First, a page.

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Conservatives in Alberta and Ontario continue to misrepresent Bob Rae's record

Bob Rae in 2009. Image: Flickr/Ignatieff

Now that he's sworn to be nice to Alberta Premier Rachel Notley, Opposition Leader Jason Kenney is running against Bob Rae.

Ralph Klein was a high school dropout & TV reporter before becoming Mayor. Bob Rae was a Rhodes scholar & accomplished MP before becoming Premier. Who do you think did a better job? The one who was much less obviously "qualified," IMHO.

— Jason Kenney (@jkenney) May 23, 2018

Meanwhile, back in Ontario, with the NDP suddenly breathing down his neck as an election campaign enters the homestretch, Conservative Leader Doug Ford is also running against Bob Rae.

MUST WATCH: When Andrea Horwath is asked if she could form a government with her unqualified, radical candidates, she says she'll send them to "training programs for Cabinet!"

Being a Cabinet Minister is not an entry-level job, Bob Rae taught us that. #onpoli #onelxn pic.twitter.com/3mQBuec5NX

— Ontario PC Party (@OntarioPCParty) May 22, 2018

Over the past few years, Conservative prime minister Stephen Harper, Wildrose leader Brian Jean and a host of other conservative candidates hither and yon have run against Bob Rae. You can hear them chanting "Rae Days, Rae Days," whenever an election with a strong NDP contender draws near.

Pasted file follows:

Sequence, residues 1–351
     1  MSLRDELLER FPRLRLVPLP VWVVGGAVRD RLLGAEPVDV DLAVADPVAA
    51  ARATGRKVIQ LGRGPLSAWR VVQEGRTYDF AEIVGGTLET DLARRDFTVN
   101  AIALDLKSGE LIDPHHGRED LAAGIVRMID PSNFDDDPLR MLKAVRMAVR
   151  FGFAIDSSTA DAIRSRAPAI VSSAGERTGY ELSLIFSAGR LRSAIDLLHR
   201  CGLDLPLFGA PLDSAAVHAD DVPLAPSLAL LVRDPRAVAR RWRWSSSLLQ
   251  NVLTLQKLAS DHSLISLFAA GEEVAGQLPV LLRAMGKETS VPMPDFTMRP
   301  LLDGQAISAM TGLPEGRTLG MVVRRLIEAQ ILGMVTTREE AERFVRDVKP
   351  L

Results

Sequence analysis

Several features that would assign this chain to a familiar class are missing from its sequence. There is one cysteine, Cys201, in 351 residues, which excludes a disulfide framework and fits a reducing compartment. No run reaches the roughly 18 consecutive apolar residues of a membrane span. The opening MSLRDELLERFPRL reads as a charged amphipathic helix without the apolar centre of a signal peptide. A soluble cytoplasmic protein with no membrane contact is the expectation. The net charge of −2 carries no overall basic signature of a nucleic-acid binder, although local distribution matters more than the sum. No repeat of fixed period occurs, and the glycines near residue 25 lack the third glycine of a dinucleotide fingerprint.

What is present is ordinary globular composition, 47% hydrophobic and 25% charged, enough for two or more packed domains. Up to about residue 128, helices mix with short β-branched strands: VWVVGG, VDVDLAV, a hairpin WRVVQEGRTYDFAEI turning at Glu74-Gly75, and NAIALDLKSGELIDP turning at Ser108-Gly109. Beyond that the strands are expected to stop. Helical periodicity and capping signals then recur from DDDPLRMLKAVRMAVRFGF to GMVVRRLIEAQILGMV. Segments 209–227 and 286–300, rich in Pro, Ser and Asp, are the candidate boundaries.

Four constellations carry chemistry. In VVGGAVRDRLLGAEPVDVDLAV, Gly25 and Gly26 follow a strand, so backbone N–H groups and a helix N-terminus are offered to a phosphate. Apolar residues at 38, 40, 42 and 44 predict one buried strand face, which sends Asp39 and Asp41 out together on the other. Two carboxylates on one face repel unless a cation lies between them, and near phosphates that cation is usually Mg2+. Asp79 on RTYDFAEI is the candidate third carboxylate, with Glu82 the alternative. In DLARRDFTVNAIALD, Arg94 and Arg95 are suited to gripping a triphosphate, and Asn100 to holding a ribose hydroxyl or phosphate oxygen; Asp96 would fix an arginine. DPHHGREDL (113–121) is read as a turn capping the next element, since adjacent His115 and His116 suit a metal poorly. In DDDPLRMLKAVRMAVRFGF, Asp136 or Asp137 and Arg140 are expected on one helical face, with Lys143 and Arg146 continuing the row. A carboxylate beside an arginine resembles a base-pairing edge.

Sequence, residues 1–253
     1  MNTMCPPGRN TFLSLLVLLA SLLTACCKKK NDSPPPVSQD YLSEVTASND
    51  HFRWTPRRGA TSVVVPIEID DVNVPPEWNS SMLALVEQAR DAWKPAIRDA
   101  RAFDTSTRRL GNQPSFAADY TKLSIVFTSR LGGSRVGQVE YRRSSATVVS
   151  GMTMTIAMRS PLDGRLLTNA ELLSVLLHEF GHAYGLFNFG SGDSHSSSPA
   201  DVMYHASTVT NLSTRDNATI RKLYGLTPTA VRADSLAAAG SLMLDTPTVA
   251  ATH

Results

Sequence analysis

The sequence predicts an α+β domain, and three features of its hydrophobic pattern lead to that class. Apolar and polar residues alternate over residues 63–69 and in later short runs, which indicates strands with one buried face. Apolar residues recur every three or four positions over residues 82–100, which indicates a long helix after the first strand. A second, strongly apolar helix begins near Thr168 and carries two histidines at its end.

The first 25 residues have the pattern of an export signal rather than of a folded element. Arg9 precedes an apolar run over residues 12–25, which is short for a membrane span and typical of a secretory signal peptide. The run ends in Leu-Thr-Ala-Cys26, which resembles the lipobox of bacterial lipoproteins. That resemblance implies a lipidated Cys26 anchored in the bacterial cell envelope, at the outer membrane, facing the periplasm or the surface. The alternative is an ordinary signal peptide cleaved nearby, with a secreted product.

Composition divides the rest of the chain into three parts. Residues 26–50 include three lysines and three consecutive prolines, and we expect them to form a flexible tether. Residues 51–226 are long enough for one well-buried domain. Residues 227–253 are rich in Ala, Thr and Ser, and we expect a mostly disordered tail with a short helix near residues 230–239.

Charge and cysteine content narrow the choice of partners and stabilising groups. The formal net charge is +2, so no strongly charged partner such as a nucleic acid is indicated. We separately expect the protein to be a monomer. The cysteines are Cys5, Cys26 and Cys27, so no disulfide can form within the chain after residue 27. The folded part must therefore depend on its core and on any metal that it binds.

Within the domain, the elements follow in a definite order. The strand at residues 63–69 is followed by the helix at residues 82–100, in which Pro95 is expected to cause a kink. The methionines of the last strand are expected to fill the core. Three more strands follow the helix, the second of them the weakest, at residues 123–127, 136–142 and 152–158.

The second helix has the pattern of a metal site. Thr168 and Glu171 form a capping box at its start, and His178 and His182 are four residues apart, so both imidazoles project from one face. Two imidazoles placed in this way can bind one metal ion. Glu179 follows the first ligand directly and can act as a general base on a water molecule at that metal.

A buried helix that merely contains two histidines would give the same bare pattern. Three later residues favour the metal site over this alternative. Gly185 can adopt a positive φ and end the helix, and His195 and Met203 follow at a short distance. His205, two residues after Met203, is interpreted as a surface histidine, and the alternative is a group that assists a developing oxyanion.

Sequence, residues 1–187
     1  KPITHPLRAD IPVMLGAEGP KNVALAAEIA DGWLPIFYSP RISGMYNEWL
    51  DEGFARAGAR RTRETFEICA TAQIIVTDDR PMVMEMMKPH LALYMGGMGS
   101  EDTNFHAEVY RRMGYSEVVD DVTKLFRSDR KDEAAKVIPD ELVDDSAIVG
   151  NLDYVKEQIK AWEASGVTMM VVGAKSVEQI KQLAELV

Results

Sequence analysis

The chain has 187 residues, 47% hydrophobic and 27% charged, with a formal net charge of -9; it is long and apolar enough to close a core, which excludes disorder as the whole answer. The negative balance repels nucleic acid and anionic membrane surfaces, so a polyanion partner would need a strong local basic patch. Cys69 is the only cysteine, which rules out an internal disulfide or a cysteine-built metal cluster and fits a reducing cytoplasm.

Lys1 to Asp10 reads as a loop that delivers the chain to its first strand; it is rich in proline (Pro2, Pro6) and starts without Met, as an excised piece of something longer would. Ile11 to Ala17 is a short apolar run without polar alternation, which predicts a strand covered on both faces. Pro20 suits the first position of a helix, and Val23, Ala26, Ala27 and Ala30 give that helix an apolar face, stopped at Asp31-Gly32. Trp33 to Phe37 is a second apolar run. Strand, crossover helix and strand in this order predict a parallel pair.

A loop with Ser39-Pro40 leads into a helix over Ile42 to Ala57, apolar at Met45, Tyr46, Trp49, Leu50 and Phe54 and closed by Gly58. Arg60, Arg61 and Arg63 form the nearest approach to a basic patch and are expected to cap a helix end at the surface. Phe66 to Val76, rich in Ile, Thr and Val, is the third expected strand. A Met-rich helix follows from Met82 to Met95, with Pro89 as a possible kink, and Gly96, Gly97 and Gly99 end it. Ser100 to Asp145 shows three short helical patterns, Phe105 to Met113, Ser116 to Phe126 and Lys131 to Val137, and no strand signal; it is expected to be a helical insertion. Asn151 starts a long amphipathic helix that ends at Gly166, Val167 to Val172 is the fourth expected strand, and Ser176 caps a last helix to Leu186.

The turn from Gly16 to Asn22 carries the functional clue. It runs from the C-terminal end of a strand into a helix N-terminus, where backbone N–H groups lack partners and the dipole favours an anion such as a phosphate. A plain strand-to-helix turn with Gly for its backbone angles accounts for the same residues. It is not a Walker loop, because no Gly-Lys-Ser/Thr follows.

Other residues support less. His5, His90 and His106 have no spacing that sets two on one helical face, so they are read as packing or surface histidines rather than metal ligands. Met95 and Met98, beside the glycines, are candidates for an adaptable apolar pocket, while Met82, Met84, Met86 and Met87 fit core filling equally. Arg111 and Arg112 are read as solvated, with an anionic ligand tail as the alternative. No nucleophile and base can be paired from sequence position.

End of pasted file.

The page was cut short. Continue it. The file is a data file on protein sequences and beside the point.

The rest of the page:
Rae was the NDP premier of Ontario between 1990 and 1995.

So what's with that, anyway?

Few things are more certain in Canadian politics than Conservatives running against Bob Rae, no matter who their real opponent is, except maybe New Democrats reminding their voters that Rae is a turncoat, who sold out and joined the Liberals in Ottawa.

And the Liberals? Well, sometimes they don’t sound too sure of the guy themselves. They certainly didn't choose him as their leader in 2006, which, arguably, they should have.